Stamp Duty Paid

Budget 2017 update: major Stamp Duty savings for first-time buyers. The 2017 Budget has been revealed and it's opened doors for first-time buyers. With no Stamp Duty to pay on properties up to £300,000, owning your new home could be closer than you think.


What is Stamp Duty?

Stamp Duty is the tax charged by the Government when you buy a home. For first-time buyers in England and Wales no Stamp Duty is payable on properties up to £300,000. Homeowners need to start paying Stamp Duty from £125,000. Stamp Duty in Scotland is now referred to as the Land and Buildings Transaction Tax (LBTT) and is charged when you buy a home of more than £145,000. See more detail on LBTT.

Why do we have to pay it?

When you buy a property the change in land ownership has to be legally registered at the Land Registry. This process requires a certificate from the HMRC – which they will only issue on receipt of the Stamp Duty due on the purchase of the property. So, put simply, if you don't pay the Stamp Duty, you can't buy your new home. Luckily, you don't have to worry about it as it’s one of the things your solicitor takes care of.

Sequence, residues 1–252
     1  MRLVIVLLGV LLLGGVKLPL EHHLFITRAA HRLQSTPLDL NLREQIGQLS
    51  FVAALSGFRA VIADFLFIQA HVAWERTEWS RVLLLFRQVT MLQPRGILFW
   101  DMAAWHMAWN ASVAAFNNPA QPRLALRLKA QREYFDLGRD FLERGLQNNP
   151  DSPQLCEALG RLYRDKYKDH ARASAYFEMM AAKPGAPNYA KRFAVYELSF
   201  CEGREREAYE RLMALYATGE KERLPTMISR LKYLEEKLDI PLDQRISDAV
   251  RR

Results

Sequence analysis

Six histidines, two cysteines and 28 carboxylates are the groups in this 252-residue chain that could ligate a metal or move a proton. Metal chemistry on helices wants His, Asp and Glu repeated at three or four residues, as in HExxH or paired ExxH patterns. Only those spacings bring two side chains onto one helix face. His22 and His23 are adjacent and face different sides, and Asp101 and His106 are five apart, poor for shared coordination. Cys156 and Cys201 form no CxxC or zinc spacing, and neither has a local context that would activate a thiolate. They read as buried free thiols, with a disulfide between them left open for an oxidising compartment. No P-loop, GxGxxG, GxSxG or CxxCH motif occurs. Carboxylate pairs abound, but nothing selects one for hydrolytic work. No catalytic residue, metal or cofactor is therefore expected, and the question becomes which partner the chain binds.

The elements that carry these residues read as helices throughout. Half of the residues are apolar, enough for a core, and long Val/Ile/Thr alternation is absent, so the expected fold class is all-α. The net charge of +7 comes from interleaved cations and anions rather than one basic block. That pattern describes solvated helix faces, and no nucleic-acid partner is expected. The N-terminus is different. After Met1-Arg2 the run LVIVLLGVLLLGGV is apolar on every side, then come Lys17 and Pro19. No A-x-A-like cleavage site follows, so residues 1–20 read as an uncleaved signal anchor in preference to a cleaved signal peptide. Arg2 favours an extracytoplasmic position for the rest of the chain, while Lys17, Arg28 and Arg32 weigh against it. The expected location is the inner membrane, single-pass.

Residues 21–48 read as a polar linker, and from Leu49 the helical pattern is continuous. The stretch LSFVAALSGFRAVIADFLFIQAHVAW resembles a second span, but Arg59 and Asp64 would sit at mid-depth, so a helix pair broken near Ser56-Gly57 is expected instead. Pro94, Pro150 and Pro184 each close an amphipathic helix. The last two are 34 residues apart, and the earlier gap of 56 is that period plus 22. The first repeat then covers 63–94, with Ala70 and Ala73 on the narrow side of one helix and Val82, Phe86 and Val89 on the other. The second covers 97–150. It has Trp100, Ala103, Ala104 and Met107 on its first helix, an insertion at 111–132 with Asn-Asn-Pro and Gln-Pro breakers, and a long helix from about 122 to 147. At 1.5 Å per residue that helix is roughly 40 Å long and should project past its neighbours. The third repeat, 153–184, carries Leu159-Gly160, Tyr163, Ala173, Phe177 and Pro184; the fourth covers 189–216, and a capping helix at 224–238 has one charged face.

How much is Stamp Duty?

In England and Wales, Stamp Duty rates are paid on a sliding scale based on the property price within each tax band.

Stamp Duty payable for England and Wales - First-time buyers up to £500,000:

Purchase Price Stamp Duty %;
£0 - £300,000 0% (Zero)
£300,000 to £500,000 5%

Stamp Duty payable for England and Wales - First-time buyers purchasing over £500,000 and existing Homeowners:

Purchase Price Stamp Duty %;
0 – £125,000 0% (Zero)
£125,001 to £250,000 2%
£250,001 to £925,000 5%
£925,001 to £1.5 million 10%
More than £1.5m 12%

How can we pay it for you?

Legally, when purchasing a home, the purchaser has to pay the Stamp Duty land tax on their purchase. However, on selected plots, we may be able to make a contribution towards your Stamp Duty* - just ask the Sales Adviser at the development.

Should you proceed with this Barratt Homes' offer, we will pay the agreed sum to your solicitor on completion of the purchase of your new home.

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